Tuesday unbelievably continued the streak of perfect weather—five days in a row is unprecedented in my Celtic Colours experience and unusual even in summer! I had agreed to meet a friend staying in Baddeck who was interested in hiking to some of Cape Breton’s scenic spots; on the way, I discovered a fine deli and bakery in the Herring Choker near Nyanza—I had passed by it many times before, but stopped for an early lunch and was delighted with what I found there. I had initially proposed that we hike the Uisge Ban Falls trail outside of Baddeck. It was, however, so fine a day that I proposed we instead hike Salt Mountain in Whycocomagh and he agreed. After a slog up the mountainside which had us both panting, we were treated to the gorgeous panoramas I remembered from hiking this trail this summer, but this time cloaked in fall colours; my friend agreed that the effort required was much more than adequately rewarded by the outstanding views of all four of Cape Breton’s counties. After a shower and dinner, it was time for Orain: An Snaithlean Ceangail (Songs: The Connecting Thread) at the Strathspey Place. Emceed by Mary Jane Lamond, this marvellous show had three screens above the stage featuring beautiful scenes of the Scottish areas from which Cape Breton’s settlers originated and of Cape Breton itself together with photographs of those settlers and their homes; many of the photographs shown were supplied by Wally Ellison. The show’s music was coördinated with the photographs, forming a magnificent whole. Wendy MacIsaac on fiddle, Matt MacIsaac on pipes and whistles, Tracey Dares on piano, and Catriona McKay on harp provided musical accompaniment (as well as some purely instrumental pieces) to the songs of Mary Jane Lamond, Mairi MacInnes, Cathy Ann MacPhee, and Goiridh Dòmhnallach (Jeff MacDonald), many in Gaelic. This show illustrated extremely well the musical thread that connects the two geographical areas and their Gaelic speakers. It was filmed by BBC Scotland, a fact I didn’t realize until after the concert had concluded, so unobtrusive was the filming. Perhaps the Strathspey Place is better suited to filming than the much larger Port Hawkesbury Civic Centre, but there would still seem to be much that PBS could learn from BBC Scotland about not interfering with the event being recorded. After the show was done, it was off to the Red Shoe (no dance was scheduled for this evening), where Ryan J. MacNeil and Mac Morin were the featured musicians. Wendy MacIsaac on fiddle, Tracey Dares on piano, and Patrick Gillis on guitar performed some sets. Goiridh Dòmhnallach and another singer whose name I didn’t catch also sang some Gaelic songs as the evening progressed. It continued some time past closing, as everyone, including the musicians, was having too good a time. Another marvellous day in a string of marvellous days!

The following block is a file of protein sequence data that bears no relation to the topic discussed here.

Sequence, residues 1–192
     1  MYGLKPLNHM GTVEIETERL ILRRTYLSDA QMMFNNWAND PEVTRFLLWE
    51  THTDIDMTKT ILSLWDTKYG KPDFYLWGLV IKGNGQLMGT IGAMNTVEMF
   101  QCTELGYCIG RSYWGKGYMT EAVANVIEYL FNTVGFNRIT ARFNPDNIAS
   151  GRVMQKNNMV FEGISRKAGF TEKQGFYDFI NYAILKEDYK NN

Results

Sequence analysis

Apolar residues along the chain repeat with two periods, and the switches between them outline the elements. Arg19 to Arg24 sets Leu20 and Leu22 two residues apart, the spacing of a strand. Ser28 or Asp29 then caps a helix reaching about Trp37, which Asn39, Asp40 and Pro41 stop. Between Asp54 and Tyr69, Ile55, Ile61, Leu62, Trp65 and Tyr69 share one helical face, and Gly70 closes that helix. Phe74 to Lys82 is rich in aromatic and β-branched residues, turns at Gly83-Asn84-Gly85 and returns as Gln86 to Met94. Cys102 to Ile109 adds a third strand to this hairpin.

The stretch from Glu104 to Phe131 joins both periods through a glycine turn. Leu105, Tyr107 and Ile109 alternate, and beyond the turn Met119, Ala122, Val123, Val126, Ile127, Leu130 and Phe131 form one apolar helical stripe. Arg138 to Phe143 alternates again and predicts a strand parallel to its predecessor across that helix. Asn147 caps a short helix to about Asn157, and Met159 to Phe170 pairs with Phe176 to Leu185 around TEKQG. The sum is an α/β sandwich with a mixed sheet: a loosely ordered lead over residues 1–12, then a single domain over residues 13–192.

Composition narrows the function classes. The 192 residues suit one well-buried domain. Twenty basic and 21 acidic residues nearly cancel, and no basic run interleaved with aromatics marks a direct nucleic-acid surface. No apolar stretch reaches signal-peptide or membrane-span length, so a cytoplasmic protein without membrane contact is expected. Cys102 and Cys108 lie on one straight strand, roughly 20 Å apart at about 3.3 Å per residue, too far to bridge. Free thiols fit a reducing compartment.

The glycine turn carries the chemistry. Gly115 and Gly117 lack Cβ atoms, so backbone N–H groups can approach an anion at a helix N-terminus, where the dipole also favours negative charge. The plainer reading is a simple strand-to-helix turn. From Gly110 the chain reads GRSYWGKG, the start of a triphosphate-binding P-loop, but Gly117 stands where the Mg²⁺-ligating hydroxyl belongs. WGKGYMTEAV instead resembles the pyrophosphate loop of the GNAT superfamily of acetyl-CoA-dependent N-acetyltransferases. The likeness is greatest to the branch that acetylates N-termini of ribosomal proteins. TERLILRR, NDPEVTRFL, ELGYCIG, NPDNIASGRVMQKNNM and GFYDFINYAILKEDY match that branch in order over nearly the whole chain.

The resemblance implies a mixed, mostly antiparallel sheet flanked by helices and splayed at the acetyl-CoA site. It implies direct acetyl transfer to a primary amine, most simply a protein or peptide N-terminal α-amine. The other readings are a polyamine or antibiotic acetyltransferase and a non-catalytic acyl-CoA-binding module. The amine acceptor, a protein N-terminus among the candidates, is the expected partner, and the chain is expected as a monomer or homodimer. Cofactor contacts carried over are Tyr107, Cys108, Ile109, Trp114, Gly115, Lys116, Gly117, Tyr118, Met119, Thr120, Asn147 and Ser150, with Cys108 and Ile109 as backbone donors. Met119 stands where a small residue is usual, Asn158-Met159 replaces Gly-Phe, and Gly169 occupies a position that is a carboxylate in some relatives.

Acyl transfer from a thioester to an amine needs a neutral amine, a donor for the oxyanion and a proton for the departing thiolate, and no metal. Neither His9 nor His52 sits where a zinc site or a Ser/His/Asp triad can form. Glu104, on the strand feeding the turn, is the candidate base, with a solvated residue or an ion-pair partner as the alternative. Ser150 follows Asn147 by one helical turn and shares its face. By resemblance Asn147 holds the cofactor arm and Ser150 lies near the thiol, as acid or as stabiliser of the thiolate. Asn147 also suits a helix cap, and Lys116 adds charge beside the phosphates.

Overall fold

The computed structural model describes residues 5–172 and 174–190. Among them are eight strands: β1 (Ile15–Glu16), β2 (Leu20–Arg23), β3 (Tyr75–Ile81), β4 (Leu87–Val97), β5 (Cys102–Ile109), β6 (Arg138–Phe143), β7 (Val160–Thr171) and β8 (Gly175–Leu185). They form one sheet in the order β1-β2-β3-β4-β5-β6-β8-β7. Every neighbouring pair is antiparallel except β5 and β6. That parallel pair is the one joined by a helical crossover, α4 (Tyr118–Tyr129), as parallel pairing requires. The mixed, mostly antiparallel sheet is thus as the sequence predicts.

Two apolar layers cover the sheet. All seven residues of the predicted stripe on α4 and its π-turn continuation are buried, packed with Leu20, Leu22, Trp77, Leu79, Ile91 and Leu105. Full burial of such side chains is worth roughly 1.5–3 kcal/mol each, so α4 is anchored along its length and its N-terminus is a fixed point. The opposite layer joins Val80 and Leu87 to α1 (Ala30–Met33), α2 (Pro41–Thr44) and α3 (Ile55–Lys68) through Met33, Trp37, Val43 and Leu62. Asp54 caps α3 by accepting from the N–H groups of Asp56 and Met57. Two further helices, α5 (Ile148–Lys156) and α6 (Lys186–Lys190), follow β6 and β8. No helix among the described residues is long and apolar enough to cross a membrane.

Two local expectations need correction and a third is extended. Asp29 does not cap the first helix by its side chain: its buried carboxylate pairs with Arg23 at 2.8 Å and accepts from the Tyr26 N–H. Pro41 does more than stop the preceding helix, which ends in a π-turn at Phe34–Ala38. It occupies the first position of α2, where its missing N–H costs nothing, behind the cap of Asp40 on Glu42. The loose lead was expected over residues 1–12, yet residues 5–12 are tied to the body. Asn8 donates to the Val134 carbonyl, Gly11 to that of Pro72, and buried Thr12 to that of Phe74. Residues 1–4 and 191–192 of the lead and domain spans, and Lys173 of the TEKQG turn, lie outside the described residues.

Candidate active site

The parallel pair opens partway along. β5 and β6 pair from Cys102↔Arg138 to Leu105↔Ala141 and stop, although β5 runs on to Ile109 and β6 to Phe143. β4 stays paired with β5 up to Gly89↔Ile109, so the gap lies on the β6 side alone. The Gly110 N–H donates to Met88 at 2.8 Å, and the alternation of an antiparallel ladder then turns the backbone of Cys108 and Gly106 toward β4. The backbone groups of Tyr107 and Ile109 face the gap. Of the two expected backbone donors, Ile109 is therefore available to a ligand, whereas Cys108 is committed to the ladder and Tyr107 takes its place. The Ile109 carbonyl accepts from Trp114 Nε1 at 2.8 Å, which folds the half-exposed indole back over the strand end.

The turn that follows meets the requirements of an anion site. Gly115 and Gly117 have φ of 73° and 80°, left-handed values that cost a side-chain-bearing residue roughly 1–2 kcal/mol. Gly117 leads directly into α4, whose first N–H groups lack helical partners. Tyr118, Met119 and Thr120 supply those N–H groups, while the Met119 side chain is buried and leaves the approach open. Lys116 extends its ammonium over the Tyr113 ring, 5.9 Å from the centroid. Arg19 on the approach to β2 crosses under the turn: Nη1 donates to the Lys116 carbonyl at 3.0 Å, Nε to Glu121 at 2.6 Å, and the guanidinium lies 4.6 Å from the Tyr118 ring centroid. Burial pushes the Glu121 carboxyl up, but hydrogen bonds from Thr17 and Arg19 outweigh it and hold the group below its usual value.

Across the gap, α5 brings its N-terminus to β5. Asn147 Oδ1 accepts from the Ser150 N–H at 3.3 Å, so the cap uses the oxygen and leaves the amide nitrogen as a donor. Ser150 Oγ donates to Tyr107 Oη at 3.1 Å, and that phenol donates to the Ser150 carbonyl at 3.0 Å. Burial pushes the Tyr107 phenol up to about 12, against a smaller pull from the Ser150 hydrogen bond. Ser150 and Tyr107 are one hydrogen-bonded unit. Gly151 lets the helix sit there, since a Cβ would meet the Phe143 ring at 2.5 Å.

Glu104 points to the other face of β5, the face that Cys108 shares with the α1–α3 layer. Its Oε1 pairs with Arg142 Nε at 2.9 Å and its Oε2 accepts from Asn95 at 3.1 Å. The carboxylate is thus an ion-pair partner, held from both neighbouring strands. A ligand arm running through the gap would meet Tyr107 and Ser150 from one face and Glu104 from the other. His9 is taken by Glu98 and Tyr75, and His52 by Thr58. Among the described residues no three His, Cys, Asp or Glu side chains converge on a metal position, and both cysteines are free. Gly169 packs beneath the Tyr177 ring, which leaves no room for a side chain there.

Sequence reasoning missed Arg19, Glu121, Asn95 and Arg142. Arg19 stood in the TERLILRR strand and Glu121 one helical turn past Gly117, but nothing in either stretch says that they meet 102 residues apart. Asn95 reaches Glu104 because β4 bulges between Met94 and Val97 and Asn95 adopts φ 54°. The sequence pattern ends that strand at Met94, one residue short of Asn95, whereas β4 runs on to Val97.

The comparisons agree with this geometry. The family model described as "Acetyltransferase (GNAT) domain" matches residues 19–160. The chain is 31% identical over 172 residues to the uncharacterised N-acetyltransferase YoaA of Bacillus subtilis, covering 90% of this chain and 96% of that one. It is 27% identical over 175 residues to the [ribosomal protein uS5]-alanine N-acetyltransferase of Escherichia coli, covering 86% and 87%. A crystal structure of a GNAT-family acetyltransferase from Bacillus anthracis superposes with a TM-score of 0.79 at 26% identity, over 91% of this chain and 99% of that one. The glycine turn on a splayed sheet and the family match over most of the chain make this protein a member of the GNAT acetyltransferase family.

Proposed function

Wednesday, can you believe it, was as perfect a day as the preceding ones. Six in a row! Unbelievable! Since tonight’s concert was in Dingwall, it made a perfect day to drive the Cabot Trail! With a detour through the Margaree Valley to Portree for the beautiful views from the overlook there and then along the Margaree River to Belle-Côte and thence along the Gulf shore to St-Joseph-du-Moine, Grand-Étang, and Chéticamp, the coastal views were perfect under a nearly pure blue sky and bright sun. After a stop at Flora’s and another at Charlie’s Down-Home Music, Chéticamp, of course, required stopping again for the marvellous chowder at Le Gabriel; I also got a supply of pastries at La Boulangerie Aucoin and visited the book store at the Cape Breton Highlands National Park building at the park entrance, where I found a new edition of The Nova Scotia Atlas available. Then, it was a very slow drive along the coast from Chéticamp to French Mountain, savouring all the gorgeous views that line this part of the Cabot Trail. On over French Mountain to Pleasant Bay—it was so clear one could see the Magdalen Islands (Îles-de-la-Madeleine) in the distance from the look-off above Fishing Cove—and then over North Mountain (where a moose was browsing above the road) and down to Aspy Bay and out to Bay St. Lawrence—the views everywhere were gorgeous in their fall colours. By the time I returned to Dingwall, it was near time to queue for the concert but, to my surprise, the doors were already open and the best seats filled (last year, I remember having to wait in a fine mist until the doors were opened); while my seat wasn’t good for watching the action on stage, it didn’t interfere with the sound, which was excellent. Old Friends proved to be another top-notch concert, with only fine traditional Scottish music traditionally played to be heard from Jerry Holland, Brenda Stubbert, and Sandy MacIntyre on fiddle, Dave MacIsaac on both guitar and fiddle, and Doug MacPhee on piano. During the first half of the concert, Doug accompanied each of the others on fiddle in turn, with each fiddler playing two or three sets. In the second half, the pairings were more fluid, as Brenda played piano to Jerry’s fiddle, Jerry played piano (a first for me) to Brenda’s fiddle, and Dave added guitar accompaniment to many of the performances. Doug did two piano solos, one in each half. Brenda’s daughter Tracey, if I heard correctly, gave us some steps. Multiple fiddles closed the show. This was indeed the kind of music that old friends produce when playing for each other and it charmed the audience with its informality and from-the-heart sincerity. I would love to have a recording of this marvellous concert so that I could hear it again; hopefully, it was not lost to the ages, but preserved for posterity, though I saw no indication that it was. In any case, I hope a concert conceived in the same way as this one will be on next year’s schedule—it’s just too marvellous to be missed! Given too many close encounters with moose on night drives through the Cape Breton Highlands National Park the last two summers, I reluctantly missed Kimberley Fraser’s session at the Red Shoe that I desperately wanted to attend. I would have gladly yielded up the extra sleep I got for that, but sanity prevailed and I stayed the night in Cape North.